It’s mid-March and a hellish time if you happen to be seventeen or eighteen years old and have applied to colleges. Some colleges have started sending out their acceptances and rejections, via email and sometimes letter. Most are coming in the next week or so.
Meanwhile my girl waits, on the very precipice of the next stage of her life, utterly unable to envision it because the specifics aren’t up to her. Will she wind up in Massachusetts, Rhode Island, New York City? Her future sits on the laptops of a bunch of admission officers in some far-flung universities. They’ve decided by now whether she’s in or out, but they haven’t let her know.
These have to be some of the suckiest few weeks in a teenager’s life. And it isn’t much easier for the parents, I’ll tell you.
Lulu applied to twelve colleges. A ridiculous number, but her original list contained a few very-hard-to-get-into schools along with some very small liberal arts colleges in remote places she’d never visited, and this kept her mother wide-eyed in the dark one night, and insistent the next morning that Lulu research a few more schools, so she would have “options” once late March rolled around.
Her mother also insisted that she apply to one school back home in California, to go with those other eleven on the east coast. Sheesh. It’s not enough that our oldest has been in New York City for almost four years now (and plans to stay after he graduates in May.) You might think our kids are trying to get as far as they can from their parents, because they pretty much are getting as far as they can from us, while still staying in the country. Lulu claims, though, that she just wants to experience living somewhere different–somewhere with snow and brick buildings and cannoli–and that she’ll come back to California for good.
I’m counting on that, young lady. I’m getting it down in writing here–on the Internet! No going back on your word now.
Twelve applications is a heck of a lot of work, I’ll tell you that too, from my second-hand perspective. Four years ago when H was applying, I wrote about the college application monster. H applied to film programs, so the process required short films and resumes and screenplays, along with the traditional essays. It also required a lot of nudging and nagging from his mother. Still, although Lulu only had essays to worry about, she applied to twice as many schools as her brother did, which made for a different sort of overwhelm.
I wouldn’t call the process a monster this time, though. Lulu, truth be told, required less from the nudging department. (I know I shouldn’t be sexist, but: girls.) Lulu approached the process differently. Every essay was an opportunity to understand herself better. A chance to distill herself into sentences and paragraphs. None were deemed finished until she’d wedged her soul between the lines. It was an awe-inspiring process to witness. And I did get to witness it because she rehearsed each essay first on me. Lucky me.
Wes Anderson appeared in her essays. Also, Lemony Snicket. Myers-Briggs tests were there, and street artists, and Franny and Zooey. I’m hoping that maybe she’ll let me share one with you here one day, after it’s done its job. The one she wrote for her Common App might make you teary, like it did her high school counselor.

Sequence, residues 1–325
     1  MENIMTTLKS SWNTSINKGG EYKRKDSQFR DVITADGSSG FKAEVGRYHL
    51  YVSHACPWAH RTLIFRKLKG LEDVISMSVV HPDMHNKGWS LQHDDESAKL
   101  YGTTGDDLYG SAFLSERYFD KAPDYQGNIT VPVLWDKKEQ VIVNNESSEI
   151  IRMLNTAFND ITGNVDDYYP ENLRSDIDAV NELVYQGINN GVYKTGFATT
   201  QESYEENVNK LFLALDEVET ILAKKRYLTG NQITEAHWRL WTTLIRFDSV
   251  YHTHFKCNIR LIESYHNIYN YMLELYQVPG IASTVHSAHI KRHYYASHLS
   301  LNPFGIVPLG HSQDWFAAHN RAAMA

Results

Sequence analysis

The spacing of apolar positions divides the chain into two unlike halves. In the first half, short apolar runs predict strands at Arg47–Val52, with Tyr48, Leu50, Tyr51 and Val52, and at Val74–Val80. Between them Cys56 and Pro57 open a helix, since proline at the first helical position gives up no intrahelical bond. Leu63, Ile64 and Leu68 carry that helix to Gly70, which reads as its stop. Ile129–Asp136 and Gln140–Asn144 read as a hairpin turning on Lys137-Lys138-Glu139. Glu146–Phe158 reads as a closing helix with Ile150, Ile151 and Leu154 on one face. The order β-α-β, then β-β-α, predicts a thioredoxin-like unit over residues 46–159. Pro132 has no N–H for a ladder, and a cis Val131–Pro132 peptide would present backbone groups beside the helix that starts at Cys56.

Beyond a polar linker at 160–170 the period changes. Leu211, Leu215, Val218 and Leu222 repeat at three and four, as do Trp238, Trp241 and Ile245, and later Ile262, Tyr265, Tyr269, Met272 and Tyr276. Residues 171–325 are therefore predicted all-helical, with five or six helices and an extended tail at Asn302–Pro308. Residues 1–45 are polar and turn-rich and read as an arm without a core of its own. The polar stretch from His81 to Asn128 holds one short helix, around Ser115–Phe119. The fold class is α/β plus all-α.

I keep hoping that since Lulu got so much of herself into those essays, they spoke to those admissions officers–at least the officers at the schools that would suit Lulu best. I hope she emerges from those words and tells them where she belongs.
Hoping is all Lulu can do right now. But she can’t hope too hard; can’t hope too specific. It stinks. I try to distract myself, try not to wonder about the different possible permutations of acceptances, waitlists and rejections. Mostly, I try to stay off College Confidential, an online forum which is like a drug to desperate, worry-crazed applicants, where they scrape around for some clue about when a college will send their decision email, or some sign that they have a chance at that dream school. Most pathetic are the parents who lurk there like junkies. Okay, okay, sometimes I lurk. But least I don’t post. It’s those desperate parent posts, the ones in which they lay out why their kid really ought to get into that dream school that shake me awake like a Red Asphalt film in Driver’s Ed class. That scare me into clicking the screen closed.
Still, I understand what drives applicants and parents to College Confidential. As you’ve probably heard, the college application process has amped up over the years. It’s like The Hunger Games without the killing. If you don’t believe me, listen to this NPR story from a few years back, in which the interviewer sits in on decision meetings with admission officers from Amherst College. One of those officers cries.
It’s a crazy thing, to put the next four years of your life in the hands of strangers and to let them decide where you’ll wind up. At least Lulu did all she could to help them along.
And so we wait.
The only thing that keeps me from wishing away these last weeks in March is this realization: once she knows where she’s going, she’ll be once step closer to being gone.